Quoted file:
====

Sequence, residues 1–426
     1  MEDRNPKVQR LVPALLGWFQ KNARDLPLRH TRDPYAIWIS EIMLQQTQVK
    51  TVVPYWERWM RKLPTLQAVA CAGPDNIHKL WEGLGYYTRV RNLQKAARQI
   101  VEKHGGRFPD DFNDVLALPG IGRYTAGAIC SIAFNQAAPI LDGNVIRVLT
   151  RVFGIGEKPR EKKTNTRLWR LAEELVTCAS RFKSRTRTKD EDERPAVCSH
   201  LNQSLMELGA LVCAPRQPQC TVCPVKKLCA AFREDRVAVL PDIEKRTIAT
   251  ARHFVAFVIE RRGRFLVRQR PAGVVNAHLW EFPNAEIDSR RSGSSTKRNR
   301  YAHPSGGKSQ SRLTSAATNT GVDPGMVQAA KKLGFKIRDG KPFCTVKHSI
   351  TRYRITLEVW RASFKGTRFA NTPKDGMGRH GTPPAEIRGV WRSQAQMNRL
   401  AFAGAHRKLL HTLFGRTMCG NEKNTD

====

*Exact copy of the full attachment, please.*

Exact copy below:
Sequence, residues 1–426
     1  MEDRNPKVQR LVPALLGWFQ KNARDLPLRH TRDPYAIWIS EIMLQQTQVK
    51  TVVPYWERWM RKLPTLQAVA CAGPDNIHKL WEGLGYYTRV RNLQKAARQI
   101  VEKHGGRFPD DFNDVLALPG IGRYTAGAIC SIAFNQAAPI LDGNVIRVLT
   151  RVFGIGEKPR EKKTNTRLWR LAEELVTCAS RFKSRTRTKD EDERPAVCSH
   201  LNQSLMELGA LVCAPRQPQC TVCPVKKLCA AFREDRVAVL PDIEKRTIAT
   251  ARHFVAFVIE RRGRFLVRQR PAGVVNAHLW EFPNAEIDSR RSGSSTKRNR
   301  YAHPSGGKSQ SRLTSAATNT GVDPGMVQAA KKLGFKIRDG KPFCTVKHSI
   351  TRYRITLEVW RASFKGTRFA NTPKDGMGRH GTPPAEIRGV WRSQAQMNRL
   401  AFAGAHRKLL HTLFGRTMCG NEKNTD